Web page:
As for recent projects, Kazaeronavigatsia is carrying out an upgrade to the airdrome locator network and landing systems. We have also been establishing our own national system of air navigational information. The first booklet of air navigational information in the history of sovereign Kazakhstan has been published, special points for providing flight crew with air navigation information have been set up (Notam-office) and a briefing point established to service cabin crews.
 
Given that reliable communications are necessary for successful air navigation, could you tell us about the measures you are taking to ensure the highest quality communications?
 
Our programme for building and upgrading the automated air traffic management system (AATMS) is a powerful tool in boosting the level of safety. This will help a dispatcher to achieve high efficiency: he or she will not have to perform monotonous, routine operations and will have the opportunity to utilize their professional skills fully. At the same time, it will be quite hard to integrate all the subsystems of the AATMS into a homogenous system successfully unless an extensive, up-to-date digital communication network is used, since it is crucial in air navigation to receive large amounts of heterogeneous information (radar, planning, meteorological, etc).
 
This is especially typical of systems covering large territories such as ours. Although it is the world’s eighth largest country, Kazakhstan has a low population density. The bulk of its population is concentrated in a few relatively large cities, whilst vast expanses of desert and steppe are barely populated. This disproportion results in specific requirements in forming a general use telecom network characterized by an uneven density of sub-networks and network development levels that differ from region to region.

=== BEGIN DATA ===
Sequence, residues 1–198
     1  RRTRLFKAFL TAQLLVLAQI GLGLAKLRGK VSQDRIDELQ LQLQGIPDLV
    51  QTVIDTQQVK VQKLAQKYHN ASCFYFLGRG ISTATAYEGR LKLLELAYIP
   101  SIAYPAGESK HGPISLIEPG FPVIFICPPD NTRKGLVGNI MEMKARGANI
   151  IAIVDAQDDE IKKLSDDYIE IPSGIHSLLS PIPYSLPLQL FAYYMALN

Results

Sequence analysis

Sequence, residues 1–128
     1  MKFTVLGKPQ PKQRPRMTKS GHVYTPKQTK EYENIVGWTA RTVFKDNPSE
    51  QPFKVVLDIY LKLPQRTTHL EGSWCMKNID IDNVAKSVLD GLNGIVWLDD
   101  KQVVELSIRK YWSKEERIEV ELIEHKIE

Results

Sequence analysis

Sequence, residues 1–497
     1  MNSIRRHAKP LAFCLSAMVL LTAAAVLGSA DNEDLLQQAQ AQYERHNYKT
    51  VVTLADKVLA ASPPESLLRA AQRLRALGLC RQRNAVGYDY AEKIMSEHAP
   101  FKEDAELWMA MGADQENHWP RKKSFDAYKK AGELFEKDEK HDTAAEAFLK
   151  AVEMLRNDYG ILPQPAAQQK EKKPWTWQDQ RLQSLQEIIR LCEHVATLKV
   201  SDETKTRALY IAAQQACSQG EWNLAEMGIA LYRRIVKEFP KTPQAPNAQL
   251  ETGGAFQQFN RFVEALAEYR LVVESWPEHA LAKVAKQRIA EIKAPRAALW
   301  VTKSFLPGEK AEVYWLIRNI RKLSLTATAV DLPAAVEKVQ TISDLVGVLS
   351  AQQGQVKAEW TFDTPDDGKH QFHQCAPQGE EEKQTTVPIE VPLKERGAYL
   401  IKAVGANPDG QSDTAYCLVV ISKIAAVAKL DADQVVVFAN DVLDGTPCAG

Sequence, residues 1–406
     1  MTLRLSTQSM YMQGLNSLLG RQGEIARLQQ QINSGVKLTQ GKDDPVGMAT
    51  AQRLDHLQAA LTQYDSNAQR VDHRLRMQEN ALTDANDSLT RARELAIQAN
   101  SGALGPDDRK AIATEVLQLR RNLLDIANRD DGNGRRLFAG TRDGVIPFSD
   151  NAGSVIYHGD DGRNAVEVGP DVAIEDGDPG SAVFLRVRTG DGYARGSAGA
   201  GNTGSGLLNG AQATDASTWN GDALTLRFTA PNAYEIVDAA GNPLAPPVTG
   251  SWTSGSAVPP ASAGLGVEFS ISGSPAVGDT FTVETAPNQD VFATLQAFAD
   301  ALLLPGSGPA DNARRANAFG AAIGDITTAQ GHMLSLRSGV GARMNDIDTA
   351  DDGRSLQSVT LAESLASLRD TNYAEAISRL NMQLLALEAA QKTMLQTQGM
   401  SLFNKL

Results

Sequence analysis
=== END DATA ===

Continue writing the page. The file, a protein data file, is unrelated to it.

In contrast, the air navigation infrastructure is defined by the routes of air corridors; therefore other factors are critical in creating aviation telecommunications networks. The result is that general use networks fail to provide the required number of digital channels to meet the requirements of aviation telecommunications in regions with the highest demand for this service.
 
Under current conditions, developing the company’s own digital telecom network was the only way to ensure that AATMS has the necessary characteristics. It was designed using original data from Kazaeronavigatsia, taking account of the results of a system project carried out by Latvian air navigation specialists with the participation of Kazakh designers. This marriage of expertise and practical knowledge of local conditions and requirements helped our specialists to elaborate detailed technical requirements for the network rapidly, and begin to develop it.
 
The crucial part of the network-the Western Kazakhstan segment-has now been built, including two digital switching nodes in Almaty and Aktobe, and nine peripheral digital terminal stations at all the branch stations in the region. Each station exchanges information with AATMS centres: radar data and Air Navigation Fixed Telecom Networks messages. Voice transmission channels and ‘ground-to-air’ communication channels are provided.
 
In addition to the provision of sub-networks ensuring the exchange of specific information, each node contains a private digital exchange connected with Kazaeronavigatsia’s common network of administrative communications. This allows the utilization of redundancy, which is typical of aviation telecom networks, and also lowers costs.
 
The work of the entire corporate telecoms network is based on leasing digital communication channels from Kazakhtelecom-the national operator of the public network?and agency providers. For redundancy, channels of satellite stations are used, installed directly at switching nodes, which means the main and backup directions are evenly distributed geographically. To ensure a tie-in to the digital highway nodes of the public network, the communication lines between airports and municipal communication nodes were rehabilitated. For instance, worn-out copper cables were replaced with fibre-optic lines.